Law Library Stacks

Back to Parliamentary Oversight of the Executive Branch

I. Introduction

The United Kingdom (UK) does not have a formal written constitution; thus, there is no provision that specifically allocates responsibility for different areas of the law to the legislative or executive branches. Instead, the process of overseeing the work of the executive is governed by long-established custom and conventions. The role of the executive is not defined in legislation and, in response to a question in the House of Commons calling on the government to introduce legislation to clarify the boundaries of the executive, the Prime Minister responded that his role, “including the exercise of powers under the royal prerogative, have evolved over many years, drawing on convention and usage, and it is not possible precisely to define them.”[1]

While there is no single body that has been created with the sole purpose of overseeing the work of the executive, there are many checks and balances on the operation of its powers and tools that are used to ensure its work is monitored and the public made aware of its actions.

Back to Top

II. Accountability

Ensuring the accountability of government ministers has been undertaken over the centuries through constitutional conventions. The primary convention providing for oversight of the executive is that of accountability—that government ministers are accountable to Parliament and the public for their actions:

Individual ministerial responsibility had its origins in the need for Parliament to act as a check on Ministers, without having to resort to their impeachment, and in the recognition by Ministers that they must ultimately rely on the support  of the Commons for their policies.[2]

Ministerial responsibility and accountability has been set out in a Ministerial Code.[3]

One major area where concerns remain about the lack of parliamentary oversight and scrutiny is in the exercise of the royal  prerogative. A government report in 2004 recommended that if ministerial accountability was to be taken seriously, oversight of the exercise of the royal prerogative was necessary.[4]

Back to Top

III. Select Committees

At the heart of parliamentary oversight of executive power are select committees. These committees are appointed by either House and can perform a wide range of functions, which are specified in their remit (the scope of the committee’s review).[5] They examine the work of government departments, and ad hoc committees may be established to review a specific topic or area of concern. The leading treatise on the work of Parliament, Erskine May’s Parliamentary Practice, notes that these committees “[m]ost notably . . . have become over recent years the principal mechanism by which the House discharges its responsibilities for the scrutiny of government policy and actions. Increasingly this scrutiny work has become the most widely recognized and public means by which Parliament holds government Ministers and their departments to account.”[6] Select committees can summon persons, papers, or records within the jurisdiction of the UK, but are limited by not having the power to compel members or officers of the House of Commons or the House of Lords to give oral or written evidence.[7]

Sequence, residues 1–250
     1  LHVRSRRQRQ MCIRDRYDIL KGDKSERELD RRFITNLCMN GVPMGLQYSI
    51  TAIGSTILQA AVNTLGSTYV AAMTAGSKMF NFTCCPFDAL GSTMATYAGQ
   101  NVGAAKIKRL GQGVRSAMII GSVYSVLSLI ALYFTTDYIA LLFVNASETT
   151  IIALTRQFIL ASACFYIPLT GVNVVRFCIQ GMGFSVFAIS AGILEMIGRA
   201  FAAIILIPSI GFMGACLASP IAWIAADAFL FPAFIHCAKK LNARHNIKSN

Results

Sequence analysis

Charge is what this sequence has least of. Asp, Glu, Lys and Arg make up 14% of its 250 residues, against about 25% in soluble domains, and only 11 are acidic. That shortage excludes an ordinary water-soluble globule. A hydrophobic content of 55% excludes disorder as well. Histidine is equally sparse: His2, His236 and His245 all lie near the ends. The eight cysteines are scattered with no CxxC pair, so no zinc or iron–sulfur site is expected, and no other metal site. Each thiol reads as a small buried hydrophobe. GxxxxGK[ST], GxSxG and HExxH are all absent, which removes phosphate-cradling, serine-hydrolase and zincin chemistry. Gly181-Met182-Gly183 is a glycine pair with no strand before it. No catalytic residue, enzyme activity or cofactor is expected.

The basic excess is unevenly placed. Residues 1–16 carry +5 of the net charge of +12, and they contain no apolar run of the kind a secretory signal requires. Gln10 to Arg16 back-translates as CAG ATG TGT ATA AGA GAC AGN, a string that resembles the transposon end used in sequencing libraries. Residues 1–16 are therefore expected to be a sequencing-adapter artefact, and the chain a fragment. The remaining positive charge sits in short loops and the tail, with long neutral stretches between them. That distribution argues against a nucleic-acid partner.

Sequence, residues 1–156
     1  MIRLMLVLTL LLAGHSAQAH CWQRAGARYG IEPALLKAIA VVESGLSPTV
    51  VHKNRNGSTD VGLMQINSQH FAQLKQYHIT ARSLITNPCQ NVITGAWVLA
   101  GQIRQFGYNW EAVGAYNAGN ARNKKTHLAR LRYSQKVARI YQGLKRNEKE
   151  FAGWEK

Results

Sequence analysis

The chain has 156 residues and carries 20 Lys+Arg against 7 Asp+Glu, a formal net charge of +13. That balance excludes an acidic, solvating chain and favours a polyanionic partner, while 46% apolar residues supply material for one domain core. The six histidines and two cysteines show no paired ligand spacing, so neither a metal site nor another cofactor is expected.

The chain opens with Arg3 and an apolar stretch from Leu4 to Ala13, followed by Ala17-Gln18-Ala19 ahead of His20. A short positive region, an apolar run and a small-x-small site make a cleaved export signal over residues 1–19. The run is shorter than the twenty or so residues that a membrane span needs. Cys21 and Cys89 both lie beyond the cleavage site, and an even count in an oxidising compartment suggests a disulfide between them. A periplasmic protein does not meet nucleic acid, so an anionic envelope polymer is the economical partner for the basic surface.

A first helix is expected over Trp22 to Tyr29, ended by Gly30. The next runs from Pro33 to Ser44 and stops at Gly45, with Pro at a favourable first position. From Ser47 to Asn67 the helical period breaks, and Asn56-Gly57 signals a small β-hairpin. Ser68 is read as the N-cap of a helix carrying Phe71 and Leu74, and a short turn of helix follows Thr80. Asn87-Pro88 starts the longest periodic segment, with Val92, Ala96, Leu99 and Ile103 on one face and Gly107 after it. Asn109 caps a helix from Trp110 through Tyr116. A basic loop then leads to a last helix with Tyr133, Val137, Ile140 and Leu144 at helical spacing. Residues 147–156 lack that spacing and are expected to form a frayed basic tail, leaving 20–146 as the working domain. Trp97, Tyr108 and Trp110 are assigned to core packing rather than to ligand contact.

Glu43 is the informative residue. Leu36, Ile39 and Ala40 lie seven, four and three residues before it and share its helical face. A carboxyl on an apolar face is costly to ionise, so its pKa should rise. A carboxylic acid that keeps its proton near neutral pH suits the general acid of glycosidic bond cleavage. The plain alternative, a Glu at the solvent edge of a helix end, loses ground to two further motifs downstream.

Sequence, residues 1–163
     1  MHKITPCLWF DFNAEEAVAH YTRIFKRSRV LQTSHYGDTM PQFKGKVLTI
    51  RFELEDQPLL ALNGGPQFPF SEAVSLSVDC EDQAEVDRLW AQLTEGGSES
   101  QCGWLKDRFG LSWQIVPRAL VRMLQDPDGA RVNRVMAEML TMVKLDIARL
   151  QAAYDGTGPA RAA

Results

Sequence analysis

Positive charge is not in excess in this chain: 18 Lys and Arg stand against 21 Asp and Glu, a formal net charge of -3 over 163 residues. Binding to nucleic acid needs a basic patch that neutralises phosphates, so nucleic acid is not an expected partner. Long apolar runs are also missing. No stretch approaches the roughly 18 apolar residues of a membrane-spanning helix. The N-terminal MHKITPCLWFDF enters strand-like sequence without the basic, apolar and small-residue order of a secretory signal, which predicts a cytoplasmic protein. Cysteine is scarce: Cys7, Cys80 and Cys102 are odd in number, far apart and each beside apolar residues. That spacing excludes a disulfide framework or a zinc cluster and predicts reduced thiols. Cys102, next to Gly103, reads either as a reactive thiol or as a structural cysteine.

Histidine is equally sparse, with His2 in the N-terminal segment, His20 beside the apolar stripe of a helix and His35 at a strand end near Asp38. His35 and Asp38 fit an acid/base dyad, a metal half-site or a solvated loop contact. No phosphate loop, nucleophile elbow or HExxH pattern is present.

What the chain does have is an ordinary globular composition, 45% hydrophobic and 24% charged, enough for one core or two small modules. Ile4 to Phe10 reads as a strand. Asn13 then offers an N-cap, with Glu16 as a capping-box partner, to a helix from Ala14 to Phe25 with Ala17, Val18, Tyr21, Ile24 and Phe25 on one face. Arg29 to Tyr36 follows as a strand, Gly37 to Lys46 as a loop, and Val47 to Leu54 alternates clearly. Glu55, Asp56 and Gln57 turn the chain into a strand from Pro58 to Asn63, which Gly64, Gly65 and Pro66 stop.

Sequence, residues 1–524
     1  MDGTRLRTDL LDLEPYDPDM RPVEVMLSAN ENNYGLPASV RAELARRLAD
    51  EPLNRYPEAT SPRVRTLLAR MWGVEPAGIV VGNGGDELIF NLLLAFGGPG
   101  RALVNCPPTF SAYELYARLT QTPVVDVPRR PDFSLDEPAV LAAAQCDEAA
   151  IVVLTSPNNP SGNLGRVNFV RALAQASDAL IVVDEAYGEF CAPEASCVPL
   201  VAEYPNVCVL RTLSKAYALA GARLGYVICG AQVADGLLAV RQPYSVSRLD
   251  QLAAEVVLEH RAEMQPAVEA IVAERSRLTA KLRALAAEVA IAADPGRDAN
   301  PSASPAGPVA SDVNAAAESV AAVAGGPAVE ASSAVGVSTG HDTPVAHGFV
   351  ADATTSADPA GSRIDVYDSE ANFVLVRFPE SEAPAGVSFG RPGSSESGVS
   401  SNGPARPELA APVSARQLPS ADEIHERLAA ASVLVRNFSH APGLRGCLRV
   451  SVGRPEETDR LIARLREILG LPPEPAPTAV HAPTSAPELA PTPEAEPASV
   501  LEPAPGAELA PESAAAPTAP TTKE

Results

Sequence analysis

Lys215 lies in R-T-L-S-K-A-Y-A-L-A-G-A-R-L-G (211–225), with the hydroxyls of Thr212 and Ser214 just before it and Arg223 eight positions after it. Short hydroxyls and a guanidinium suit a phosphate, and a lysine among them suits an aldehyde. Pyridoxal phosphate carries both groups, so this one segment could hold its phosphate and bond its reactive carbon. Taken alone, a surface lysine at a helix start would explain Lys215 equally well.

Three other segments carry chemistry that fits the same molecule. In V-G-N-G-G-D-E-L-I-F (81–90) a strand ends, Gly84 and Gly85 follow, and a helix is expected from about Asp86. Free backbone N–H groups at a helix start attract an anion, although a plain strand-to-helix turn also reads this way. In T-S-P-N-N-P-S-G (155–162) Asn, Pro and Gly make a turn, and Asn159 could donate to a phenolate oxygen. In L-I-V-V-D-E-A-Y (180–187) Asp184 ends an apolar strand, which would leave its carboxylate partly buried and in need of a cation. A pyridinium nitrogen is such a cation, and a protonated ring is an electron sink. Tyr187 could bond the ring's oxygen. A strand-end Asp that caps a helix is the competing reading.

Back to Top

IV. Question Time

Members of Parliament have the opportunity to question government ministers and the Prime Minister either directly on the floor of the House during regular oral question times or in writing.

Back to Top

V. Statutory Bodies

The expenditure of public money is overseen by the National Audit Office, a statutory body.  This office “works on behalf of Parliament and the taxpayer to hold government to account for the use of public money and to help public services improve performance.”[8] It publishes reports to Parliament, audits accounts, and provides select committees with support.[9]

Back to Top

VI. Recommended Sources for Further Research

In addition to those items cited in the footnotes, the following items are useful research sources:

Back to Top

Prepared by Clare Feikert-Ahalt
Senior Foreign Law Specialist[*]
August 2017


[*] This report was prepared with the assistance of Law Library intern Conleth Burns.

[1] 372 Parl. Deb HC (6th ser.) (2001) col. 818W, https://publications.parliament.uk/pa/cm200102/cmhansrd/vo011015/text/11015w06.htm. The “royal prerogative” refers to powers that are held by the Queen, typically exercised on her behalf by the government, that do not require parliamentary approval.

[2] PUBLIC SERVICE COMMITTEE, MINISTERIAL ACCOUNTABILITY AND RESPONSIBILITY, 1995–96, HC 313-II, at 56, available in the ProQuest UK Parliamentary Papers database, by subscription.

[3] Cabinet Office, MINISTERIAL CODE, Dec. 2016, https://www.gov.uk/government/uploads/system/uploads/attachment_data/file/579752/ministerial_code_december_2016.pdf.

[4] PUBLIC ADMINISTRATION SELECT COMMITTEE, FOURTH REPORT, TAMING THE PREROGATIVE: STRENGTHENING MINISTERIAL ACCOUNTABILITY TO PARLIAMENT, 2003–4, HC 422 at 3, https://publications.parliament.uk/pa/cm200304/cmselect/cmpubadm/422/422.pdf.

[5] House of Commons Select Committees, PARLIAMENT.UK, http://www.parliament.uk/business/committees%20committees-a-z/commons-select (last visited July 25, 2017).

[6] ERSKINE MAY, PARLIAMENTARY PRACTICE 799 (Sir Malcome Jack et al. eds., 24th ed. 2011).

[7] House of Commons, Standing Orders of the House of Commons – Public Business 2016, Feb. 2016, HC 2 2015-16, Standing Order No. 148A(6).

[8] Resources for Parliament, NATIONAL AUDIT OFFICE, https://www.nao.org.uk/highlights/resources-for-parliament (last visited July 24, 2017).

[9] Id.